An early (1753) clinical trial

Before there were pharmaceutical companies, CRO’s, or IRB’s, a Scottish physician named James Lind conducted what is probably the first documented clinical trial. He published his results as A Treatise of the Scurvy in 1753. As an educated man of his time, Lind would have no doubt been familiar with Francis Bacon’s ideas on experimentation, and he begins his treatise by describing the setup for his experiment:

On the 20th May, 1747, I took twelve patients in the scurvy on board the Salisbury at sea. Their cases were as similar as I could have them. They all in general had putrid gums, the spots and lassitude, with weakness of their knees. They lay together in one place, being a proper apartment for the sick in the fore-hold; and had one diet in common to all, viz., water gruel sweetened with sugar in the morning; fresh mutton broth often times for dinner; at other times puddings, boiled biscuit with sugar etc.; and for supper barley, raisins, rice and currants, sago and wine, or the like.

Lind divided his patients into six cohorts: two sailors were given a quart of cider per day, two were dosed with sulfuric acid, which he refers to as “vitriol.” Two were given vinegar, and two were put on “a course of sea water.” Two were given “…the bigness of a nutmeg three times a day of an electuray [a medicinal paste] recommended by an hospital surgeon made of garlic, mustard seed, rad. raphan. [dried radish root], balsam of Peru and gum myrrh…” And finally, two patients were each given two oranges and a lemon every day for six days, when they ran out.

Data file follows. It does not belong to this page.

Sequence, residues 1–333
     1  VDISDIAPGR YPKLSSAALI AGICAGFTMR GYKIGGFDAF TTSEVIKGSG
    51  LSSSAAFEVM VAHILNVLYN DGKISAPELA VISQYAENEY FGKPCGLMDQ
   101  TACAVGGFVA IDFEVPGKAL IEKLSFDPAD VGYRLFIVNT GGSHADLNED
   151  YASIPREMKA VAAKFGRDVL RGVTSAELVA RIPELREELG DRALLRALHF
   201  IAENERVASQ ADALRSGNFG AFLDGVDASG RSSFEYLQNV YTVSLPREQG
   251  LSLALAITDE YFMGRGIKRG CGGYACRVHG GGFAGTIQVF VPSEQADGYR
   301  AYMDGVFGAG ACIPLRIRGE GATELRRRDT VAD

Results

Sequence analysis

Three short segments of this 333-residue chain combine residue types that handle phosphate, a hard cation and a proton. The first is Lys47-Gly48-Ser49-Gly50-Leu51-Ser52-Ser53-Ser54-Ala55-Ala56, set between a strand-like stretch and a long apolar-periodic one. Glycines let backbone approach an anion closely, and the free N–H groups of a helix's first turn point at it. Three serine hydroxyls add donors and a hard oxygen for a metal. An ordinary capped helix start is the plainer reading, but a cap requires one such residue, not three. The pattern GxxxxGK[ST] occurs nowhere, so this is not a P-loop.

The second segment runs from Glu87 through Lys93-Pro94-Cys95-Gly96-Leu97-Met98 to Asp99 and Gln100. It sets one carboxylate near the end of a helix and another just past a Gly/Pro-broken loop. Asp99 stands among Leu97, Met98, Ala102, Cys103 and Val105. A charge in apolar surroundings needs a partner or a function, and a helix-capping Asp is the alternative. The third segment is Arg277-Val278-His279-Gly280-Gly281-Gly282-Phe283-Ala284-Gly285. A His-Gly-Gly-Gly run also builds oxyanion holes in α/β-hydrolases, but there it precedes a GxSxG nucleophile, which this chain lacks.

The consequence was that the most sudden and visible good effects were perceived from the use of the oranges and lemons; one of those who had taken them being at the end of six days fit four duty. . . The other was the best recovered of any in his condition, and being now deemed pretty well was appointed nurse to the rest of the sick.

In spite of these results, Lind continued to recommend fresh air, dry conditions, and exercise to treat scurvy. Needless to say, none of these things were available on a ship at sea in the 18th century. It would be another 42 years before the British navy supplied its ships with lemon juice.

Dr. Michael Bartholomew argues that “our modern understanding of scurvy and vitamin C has hindered our understanding of Lind’s own conception of his work and of the place within it of his clinical trials.” Lind had no idea, before or after his experiment, that there was some essential substance in citrus fruits that worked against scurvy. By taking five paragraphs of Lind’s treatise out of context, and projecting our own knowledge, we can make Lind look very modern indeed. But the sad truth is that Lind never truly understood the disorder to which he devoted his career.